Political polarization the critical threat to US, foreign policy experts say

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It’s not North Korea’s nuclear weapons or Iran’s attempts to get its own that ranks as the most critical threat facing the United States. Nor is it Russia’s influence in U.S. elections or China’s rise as a superpower. Instead, It’s political polarization, according to a new survey of nearly 600 foreign policy opinion leaders by the Chicago Council on Global Affairs and the Texas National Security Network.

In the weeks preceding the midterm elections, a period in which news coverage of a mass shooting at a Pittsburgh synagogue, the movement of Central American migrant caravans, and Brett Kavanaugh’s Supreme Court nomination sharpened national divisions, nearly three-in-four foreign policy opinion leaders rated political polarization as a critical threat to U.S. national security.{mosads}

Not only was partisanship viewed as the highest threat overall, but it was also consistently high among Democrats, Republicans, and Independents, making it nearly unique among the threats assessed in the survey. On the danger partisanship poses to the United States, at least, there is a bipartisan consensus.

Yet there is a great deal of daylight between Republicans and Democrats on other possible threats. For example, Republican opinion leaders are much more likely than Democratic or Independent leaders to consider Iran’s nuclear program and the rise of China a critical threat. Democrats are much more likely to view Russian influence in US elections and the decline of democracy around the world as critical threats.

While several GOP political ads played up the dangers of immigrants crossing US borders, relatively few among even GOP experts consider immigration a critical threat.

North Korea’s nuclear program is the only threat other than partisanship to earn notable levels of concern across political affiliation.

foreign policy opinion leaders

The leadership survey was conducted between August 2 and October 16, 2018 among 588 foreign policy opinion leaders from executive branch agencies, Congress, think tanks, academia, the media, interest groups, business leaders, religious groups, and NGOs. These particular groupings of opinion leaders were weighted to match the weights applied to previous Chicago Council opinion leader surveys going back to 1974.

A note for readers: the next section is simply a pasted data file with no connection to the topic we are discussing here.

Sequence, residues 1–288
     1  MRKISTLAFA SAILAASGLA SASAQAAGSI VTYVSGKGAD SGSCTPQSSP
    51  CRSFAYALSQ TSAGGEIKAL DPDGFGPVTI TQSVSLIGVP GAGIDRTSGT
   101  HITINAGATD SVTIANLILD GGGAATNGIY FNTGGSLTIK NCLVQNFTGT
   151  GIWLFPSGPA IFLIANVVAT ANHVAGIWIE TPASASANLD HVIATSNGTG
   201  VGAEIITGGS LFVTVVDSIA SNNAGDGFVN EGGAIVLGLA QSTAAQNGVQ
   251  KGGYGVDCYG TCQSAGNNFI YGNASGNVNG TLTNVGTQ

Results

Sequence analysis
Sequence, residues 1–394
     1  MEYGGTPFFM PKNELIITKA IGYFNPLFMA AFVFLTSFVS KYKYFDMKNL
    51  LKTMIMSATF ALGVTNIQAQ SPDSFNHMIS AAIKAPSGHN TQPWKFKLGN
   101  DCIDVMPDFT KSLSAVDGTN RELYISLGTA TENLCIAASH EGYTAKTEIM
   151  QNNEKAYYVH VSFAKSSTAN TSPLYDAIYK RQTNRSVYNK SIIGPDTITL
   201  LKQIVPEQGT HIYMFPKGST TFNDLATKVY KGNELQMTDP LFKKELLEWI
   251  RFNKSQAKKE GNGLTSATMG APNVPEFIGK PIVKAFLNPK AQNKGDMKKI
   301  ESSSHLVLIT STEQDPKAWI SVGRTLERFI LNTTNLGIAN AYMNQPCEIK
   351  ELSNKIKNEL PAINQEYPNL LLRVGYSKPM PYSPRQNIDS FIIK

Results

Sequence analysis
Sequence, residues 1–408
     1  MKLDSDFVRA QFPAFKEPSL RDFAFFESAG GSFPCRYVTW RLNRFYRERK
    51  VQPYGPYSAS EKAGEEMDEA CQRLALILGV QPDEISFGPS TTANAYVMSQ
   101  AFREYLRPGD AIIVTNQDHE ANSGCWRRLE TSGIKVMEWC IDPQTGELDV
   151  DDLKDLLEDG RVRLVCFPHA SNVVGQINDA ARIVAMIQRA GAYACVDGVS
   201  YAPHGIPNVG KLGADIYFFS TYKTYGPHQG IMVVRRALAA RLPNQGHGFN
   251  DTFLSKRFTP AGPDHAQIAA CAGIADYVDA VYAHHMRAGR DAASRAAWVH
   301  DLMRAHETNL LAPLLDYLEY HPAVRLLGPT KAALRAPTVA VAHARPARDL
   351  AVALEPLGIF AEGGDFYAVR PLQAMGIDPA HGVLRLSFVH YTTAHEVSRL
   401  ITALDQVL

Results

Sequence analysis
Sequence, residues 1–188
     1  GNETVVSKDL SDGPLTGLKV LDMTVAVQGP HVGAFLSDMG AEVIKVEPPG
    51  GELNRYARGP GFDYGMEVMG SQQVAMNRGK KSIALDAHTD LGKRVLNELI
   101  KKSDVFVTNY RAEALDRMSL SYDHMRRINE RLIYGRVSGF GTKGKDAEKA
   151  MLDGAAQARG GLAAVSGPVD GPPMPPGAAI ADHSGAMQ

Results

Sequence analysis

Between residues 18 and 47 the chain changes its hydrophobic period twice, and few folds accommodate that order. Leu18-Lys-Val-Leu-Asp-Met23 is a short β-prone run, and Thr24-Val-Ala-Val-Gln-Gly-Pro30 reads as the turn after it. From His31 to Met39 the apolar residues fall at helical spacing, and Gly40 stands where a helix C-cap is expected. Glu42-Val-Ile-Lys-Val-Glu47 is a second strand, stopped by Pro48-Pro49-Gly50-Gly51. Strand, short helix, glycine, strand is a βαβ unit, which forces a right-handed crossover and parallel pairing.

Some of President Trump’s bold foreign policy actions, such as withdrawing the United States from the Paris agreement on climate change and the Iranian nuclear deal, also elicit polarized reactions across party lines. Nearly all Democratic opinion leaders support U.S. participation in both agreements (99 percent for the Paris agreement, 100 percent for the Iran deal) as do a majority of Independent leaders (86 percent Paris agreement, 74 percent Iran deal).  By contrast, only minorities of Republican opinion leaders favor these accords (36 percent for the Paris agreement, 46 percent for the Iran deal). That said, John Bolton, Trump’s fiercely unilateralist national security advisor, might recoil at the finding that more than a third of Republican foreign policy elites support U.S. participation in these agreements.

While political polarization is a top threat for leaders, it is a lesser, but still substantial, concern for the American public. A July 12-31, 2018 Chicago Council on Global Affairs survey of the US public found that 50 percent of Americans consider political polarization a critical threat, behind only international terrorism (66 percent), and North Korean (59 percent) and Iranian (52 percent) nuclear programs.

Americans’ concern about polarization is more acute among self-identified Democrats (57 percent) and Independents (50 percent) than Republicans (41 percent).

The comparatively greater sense of alarm among foreign policy leaders versus the public about the threat presented by polarization may reflect leaders’ greater awareness of how polarization is eroding America’s international standing and weakening its ability to address various global challenges.

As with substance abuse and other addictions, identifying the problem is the first step toward remedying it.

The good news is that foreign policy leaders and much of the public express deep concern about rising polarization. As the United States moves on from a highly divisive election, the key challenge facing Americans is to go beyond giving lip service to the problem. This will require rewarding leaders who engage in civil discourse and seek to work across the aisle, rather than employing hateful rhetoric and partisan attacks that sharpen political divisions. 

Dina Smeltz is a senior fellow in public opinion and foreign policy at the Chicago Council on Global Affairs. Follow her on Twitter @RoguePollster.

Joshua Busby is an associate professor of Public Affairs at the University of Texas at Austin. Follow him on Twitter @busbyj2.

Jordan Tama is Associate Professor in the School of International Service at American University. Follow him on Twitter @ProfJordanTama.

Tags Brett Kavanaugh Donald Trump Foreign relations of the United States John Bolton National security Polarization Politics

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